Modern genre fiction, that is science fiction and fantasy from the post Cold War era, is certainly entertaining, but not challenging — a meal replacement pill as compared to Haute cuisine. The authoritarian communist threat is done, and the public generally views space exploration as passé. As scifi authors, Huxley and Orwell were born at just the right time to write about “big” ideas.

I said as much to Jason Snell in a Twitter conversation. He answered my question “What value genre fiction?” with the question: “What value fiction at all?” and recommended I read some Paolo Bacigalupi. His first novel The Windup Girl had a difficult task: besides telling an engaging story, Bacigalupi had to restore my faith in genre fiction. He did splendidly.

The Windup Girl’s biopunk setting of 23rd century Thailand broaches current topics such as GMO, seed banks, monocultures and disease, anti-globalism, corporatocracy and nationalism. In this post-hydrocarbon setting potential energy is generated by genetically engineered mammoths and stored in springs(!). The book is certainly engaging and filled with imaginative solutions to futuristic problems. But is it a classic?

Extremely good storytelling and imaginative ideas aside, two factors determine if a piece of genre fiction will become a classic: 1) it is subversive in its challenge to current social norms; 2) it is prescient. Some examples would be Huxley’s Brave New World (written in 1931) and Orwell’s Nineteen Eighty-Four (published in 1949).

Bacigalupi’s premise of a world destroyed by industrial farming and advances in genetic engineering might be particularly prescient — we will have to wait and see. However his futuristic contribution to the present debates over “Frankenfood” and globalization are certainly challenging, and follow the model of scifi as speculative social commentary. This book is certainly a potential classic, and Bacigalupi has restored my faith in modern scifi.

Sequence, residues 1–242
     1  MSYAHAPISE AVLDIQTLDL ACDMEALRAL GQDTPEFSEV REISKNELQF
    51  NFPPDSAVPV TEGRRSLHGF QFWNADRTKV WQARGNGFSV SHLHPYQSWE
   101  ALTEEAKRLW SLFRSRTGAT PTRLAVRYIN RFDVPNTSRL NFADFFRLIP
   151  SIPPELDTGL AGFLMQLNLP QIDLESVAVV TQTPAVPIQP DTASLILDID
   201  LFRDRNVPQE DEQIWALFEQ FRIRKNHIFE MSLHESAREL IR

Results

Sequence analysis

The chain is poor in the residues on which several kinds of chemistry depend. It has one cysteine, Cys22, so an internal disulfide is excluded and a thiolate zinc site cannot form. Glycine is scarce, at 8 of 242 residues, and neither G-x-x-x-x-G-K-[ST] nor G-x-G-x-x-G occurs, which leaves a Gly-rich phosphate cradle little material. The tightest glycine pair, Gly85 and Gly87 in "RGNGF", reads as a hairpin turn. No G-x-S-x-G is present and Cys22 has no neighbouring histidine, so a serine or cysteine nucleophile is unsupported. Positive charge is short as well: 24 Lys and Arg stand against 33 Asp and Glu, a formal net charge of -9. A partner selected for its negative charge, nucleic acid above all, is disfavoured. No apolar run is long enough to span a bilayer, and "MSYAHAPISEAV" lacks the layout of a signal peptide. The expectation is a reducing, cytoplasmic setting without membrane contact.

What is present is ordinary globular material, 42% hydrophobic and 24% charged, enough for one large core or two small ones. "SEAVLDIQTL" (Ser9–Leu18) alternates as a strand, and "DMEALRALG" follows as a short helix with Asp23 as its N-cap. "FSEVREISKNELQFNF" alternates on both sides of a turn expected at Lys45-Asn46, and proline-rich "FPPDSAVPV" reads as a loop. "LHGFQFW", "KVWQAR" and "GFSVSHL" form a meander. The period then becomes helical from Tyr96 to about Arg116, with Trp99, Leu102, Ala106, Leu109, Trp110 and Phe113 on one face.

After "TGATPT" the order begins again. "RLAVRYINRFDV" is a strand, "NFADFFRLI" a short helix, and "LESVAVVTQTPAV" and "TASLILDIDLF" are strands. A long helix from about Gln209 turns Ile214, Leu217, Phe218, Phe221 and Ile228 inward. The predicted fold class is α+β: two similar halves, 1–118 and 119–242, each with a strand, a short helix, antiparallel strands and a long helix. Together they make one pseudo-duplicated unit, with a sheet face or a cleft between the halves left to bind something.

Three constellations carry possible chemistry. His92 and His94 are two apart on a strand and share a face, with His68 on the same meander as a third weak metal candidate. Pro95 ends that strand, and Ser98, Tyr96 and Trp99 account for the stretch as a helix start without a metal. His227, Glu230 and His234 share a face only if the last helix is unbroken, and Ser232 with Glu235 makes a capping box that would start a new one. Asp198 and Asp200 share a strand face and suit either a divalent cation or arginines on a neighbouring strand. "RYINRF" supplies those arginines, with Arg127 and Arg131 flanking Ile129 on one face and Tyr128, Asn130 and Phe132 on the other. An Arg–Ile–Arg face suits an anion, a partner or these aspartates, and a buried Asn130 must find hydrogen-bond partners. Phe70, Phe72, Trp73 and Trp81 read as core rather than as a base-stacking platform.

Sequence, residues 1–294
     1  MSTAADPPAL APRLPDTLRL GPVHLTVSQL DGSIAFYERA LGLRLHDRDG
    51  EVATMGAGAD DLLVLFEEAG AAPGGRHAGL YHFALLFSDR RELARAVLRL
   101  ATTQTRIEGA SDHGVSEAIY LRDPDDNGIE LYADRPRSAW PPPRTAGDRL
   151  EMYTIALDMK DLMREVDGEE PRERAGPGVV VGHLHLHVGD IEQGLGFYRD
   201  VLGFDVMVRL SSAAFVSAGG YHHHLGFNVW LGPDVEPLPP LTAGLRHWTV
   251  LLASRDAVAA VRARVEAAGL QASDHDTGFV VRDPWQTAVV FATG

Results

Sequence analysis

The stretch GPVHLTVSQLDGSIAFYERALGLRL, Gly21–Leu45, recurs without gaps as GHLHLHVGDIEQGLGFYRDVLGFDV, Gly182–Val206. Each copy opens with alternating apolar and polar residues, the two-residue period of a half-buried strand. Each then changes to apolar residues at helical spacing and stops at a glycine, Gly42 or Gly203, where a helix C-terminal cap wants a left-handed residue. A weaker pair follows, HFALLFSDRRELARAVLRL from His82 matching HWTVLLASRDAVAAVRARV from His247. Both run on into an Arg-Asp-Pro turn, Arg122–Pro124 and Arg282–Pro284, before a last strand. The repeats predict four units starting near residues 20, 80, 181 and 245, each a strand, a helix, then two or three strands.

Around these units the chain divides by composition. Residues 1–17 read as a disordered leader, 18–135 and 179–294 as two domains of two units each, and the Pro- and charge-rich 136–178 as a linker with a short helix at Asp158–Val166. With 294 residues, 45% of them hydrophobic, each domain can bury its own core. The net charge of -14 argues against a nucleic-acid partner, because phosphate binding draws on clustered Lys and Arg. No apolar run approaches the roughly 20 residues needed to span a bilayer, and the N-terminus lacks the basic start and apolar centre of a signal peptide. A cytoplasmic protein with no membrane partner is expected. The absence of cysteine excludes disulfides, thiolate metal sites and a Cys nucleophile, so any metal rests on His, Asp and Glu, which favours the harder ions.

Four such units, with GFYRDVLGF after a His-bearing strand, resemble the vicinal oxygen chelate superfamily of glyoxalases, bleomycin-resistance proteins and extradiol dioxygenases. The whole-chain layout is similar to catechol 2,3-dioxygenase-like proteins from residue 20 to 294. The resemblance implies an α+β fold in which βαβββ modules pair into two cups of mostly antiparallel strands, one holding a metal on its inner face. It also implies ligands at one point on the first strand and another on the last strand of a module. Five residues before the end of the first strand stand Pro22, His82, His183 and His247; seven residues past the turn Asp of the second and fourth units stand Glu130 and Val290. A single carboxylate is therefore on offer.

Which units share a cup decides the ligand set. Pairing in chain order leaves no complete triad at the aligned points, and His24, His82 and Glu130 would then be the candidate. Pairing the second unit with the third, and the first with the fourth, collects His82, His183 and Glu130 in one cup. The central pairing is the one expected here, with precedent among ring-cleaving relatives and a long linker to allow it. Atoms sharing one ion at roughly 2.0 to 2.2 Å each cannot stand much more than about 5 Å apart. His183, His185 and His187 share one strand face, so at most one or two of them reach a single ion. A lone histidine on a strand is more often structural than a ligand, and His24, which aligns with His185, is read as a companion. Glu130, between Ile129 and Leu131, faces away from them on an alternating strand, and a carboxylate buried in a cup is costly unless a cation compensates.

Some criticisms

I put this at the end simply because I am not confident my issues with the book will impact your reading of it. Ignore the following if you like.

One aspect of the writing that bothered me throughout the book was a sense of overpowering orientalism. I am not sure how much time Bacigalupi spent in Asia, but I felt his Asian characters had their “Asian-ness” turned up to eleven. The Japanese boss introduced near the end of the story is found clothed in a kimono in a tatami room adorned with “samurai” swords painting sumie. Wow. I’m surprised he wasn’t described as short, buck-toothed with small round glasses and Nikon camera hanging around his neck.

Another example: the character use of poetic simile. Even the lowest Thai street urchin has the poetic sense of a Basho or a Li Bai. Bacigalupi romanticizes stereotypical Asian sensibilities of nature worship, and expresses that romanticism through almost every character. Such a sensibility certainly does exist, and sprinkling it throughout the story subtly would have been very effective, but drenching the story as he does in this “special sauce” makes it hard to swallow.

This ties in with a second criticism regarding how religion is depicted in the novel. Bacigalupi is careful to represent both sides of the globalization debate, GM food debate, and the AI debate, providing arguments both for and against. He does however take a solidly anti-corporatist stance. But he does not justify the power of Asian religion in the 23rd century (he does explain the western Grahamite resurgence, describing them as biotech reactionaries). Only the company men are atheists while nearly every Asian in the book has a tight relationship to their various gods, including New People (GM humanoids)! What accounts for this new religiosity?

As someone who lived and travelled throughout Asia for most of my adult life, I would love to learn more of Bacigalupi’s experience there. How many years was he there? How well does he speak Thai? His other book Ship Breaker attests to his deep interest in South Asia. I would like to learn more about the man, and maybe I can through reading his other books.